Conceptually, there are several different approaches to the numerical simulation of convective transport in stars. The most straightforward approach is the time-dependent solution of the equations of radiation hydrodynamics in a 3D (or at least 2D) domain to compute the convective flow patterns directly. However, this process is very expensive in computing time, prohibitively so for some applications. This particularly applies to problems with a large difference in relevant timescales, for instance between the thermal and acoustic timescale in the stellar interior, or the hydrodynamics and radiative timescale in the outer layers of luminous stars. An additional limit is imposed by the restricted spatial resolution. Even the most elaborate, high-resolution simulations of stellar convection are only capable of resolving the largest scales in the convective velocity field. The effect of turbulence on smaller length scales is effectively ignored, even though it is a possible interpretation to attribute the intrinsic numerical dissipation of the scheme to some (unknown) unresolved turbulence. In particular, hydrodynamics codes often include artificial viscosity for numerical stability, and ‘unresolved turbulence’ is the only physical mechanism that could be used to justify the inclusion of this additional dissipation.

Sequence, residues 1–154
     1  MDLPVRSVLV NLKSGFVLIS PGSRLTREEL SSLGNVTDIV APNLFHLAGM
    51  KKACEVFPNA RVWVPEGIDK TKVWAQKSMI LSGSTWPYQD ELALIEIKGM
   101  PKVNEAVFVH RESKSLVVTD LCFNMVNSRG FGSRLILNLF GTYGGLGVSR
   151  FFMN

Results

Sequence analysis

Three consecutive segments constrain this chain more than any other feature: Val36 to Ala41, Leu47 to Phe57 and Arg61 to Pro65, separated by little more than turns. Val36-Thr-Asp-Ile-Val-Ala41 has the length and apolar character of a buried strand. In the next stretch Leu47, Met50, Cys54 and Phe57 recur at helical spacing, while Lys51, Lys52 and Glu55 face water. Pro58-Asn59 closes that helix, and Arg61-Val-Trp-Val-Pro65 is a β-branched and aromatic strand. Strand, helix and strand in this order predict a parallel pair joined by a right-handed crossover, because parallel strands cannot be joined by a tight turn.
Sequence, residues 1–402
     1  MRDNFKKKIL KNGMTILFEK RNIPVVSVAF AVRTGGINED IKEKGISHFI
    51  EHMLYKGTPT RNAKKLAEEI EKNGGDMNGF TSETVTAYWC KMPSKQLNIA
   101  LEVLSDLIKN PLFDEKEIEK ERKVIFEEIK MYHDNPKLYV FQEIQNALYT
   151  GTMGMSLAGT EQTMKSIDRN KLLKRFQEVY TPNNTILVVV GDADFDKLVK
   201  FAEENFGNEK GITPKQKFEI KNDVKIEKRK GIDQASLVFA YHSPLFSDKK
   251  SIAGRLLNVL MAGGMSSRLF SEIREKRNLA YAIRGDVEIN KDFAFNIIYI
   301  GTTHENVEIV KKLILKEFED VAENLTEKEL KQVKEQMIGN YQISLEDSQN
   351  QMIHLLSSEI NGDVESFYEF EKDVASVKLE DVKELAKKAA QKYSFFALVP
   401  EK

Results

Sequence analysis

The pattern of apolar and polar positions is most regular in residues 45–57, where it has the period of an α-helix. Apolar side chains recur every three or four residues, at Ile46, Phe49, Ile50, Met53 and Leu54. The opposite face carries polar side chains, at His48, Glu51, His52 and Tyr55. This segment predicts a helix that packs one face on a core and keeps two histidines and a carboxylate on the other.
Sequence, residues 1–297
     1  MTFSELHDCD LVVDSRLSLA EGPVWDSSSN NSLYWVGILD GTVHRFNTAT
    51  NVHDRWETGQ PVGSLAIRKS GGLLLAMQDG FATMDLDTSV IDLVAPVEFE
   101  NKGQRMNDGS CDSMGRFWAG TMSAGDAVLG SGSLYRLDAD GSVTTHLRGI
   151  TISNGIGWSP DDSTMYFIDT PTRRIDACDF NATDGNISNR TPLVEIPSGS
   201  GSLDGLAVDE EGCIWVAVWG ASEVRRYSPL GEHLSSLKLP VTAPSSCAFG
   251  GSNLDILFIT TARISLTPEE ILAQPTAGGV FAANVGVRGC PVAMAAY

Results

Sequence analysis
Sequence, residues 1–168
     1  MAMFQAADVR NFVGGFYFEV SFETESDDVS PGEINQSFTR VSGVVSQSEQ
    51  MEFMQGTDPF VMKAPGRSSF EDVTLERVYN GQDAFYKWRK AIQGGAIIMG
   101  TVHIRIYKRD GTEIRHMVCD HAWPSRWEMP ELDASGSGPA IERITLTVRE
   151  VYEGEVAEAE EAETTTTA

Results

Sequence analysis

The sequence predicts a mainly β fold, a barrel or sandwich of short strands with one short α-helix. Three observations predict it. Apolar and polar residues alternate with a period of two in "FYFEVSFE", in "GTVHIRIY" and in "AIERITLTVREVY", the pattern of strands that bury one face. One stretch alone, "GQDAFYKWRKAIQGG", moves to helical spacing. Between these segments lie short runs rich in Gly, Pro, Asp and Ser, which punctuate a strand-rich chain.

Despite the poor description of turbulence in hydrodynamics computations, multi-dimensional simulations of solar granulation (e.g. Stein & Nordlund, 1998; Asplund et al., 2000; Wedemeyer et al., 2004) achieve remarkable quantitative agreement with observations.
A completely different and more subtle approach than trying to resolve turbulence on large numerical grids are convection models that use an equation, or a set of equations, to describe convective transport either with a heuristic parametrization or based on turbulence theory.
The most widely used of these 1D-descriptions is the well known mixing-length theory (MLT) (Böhm-Vitense, 1958; Cox & Giuli, 1968), which originates in ideas of Prandtl (1925). The MLT has been remarkably successful in stellar astrophysics in application to stars from white dwarfs to super giants, probably because of its simple yet flexible parametrization and its robust reference to the adiabatic temperature gradient.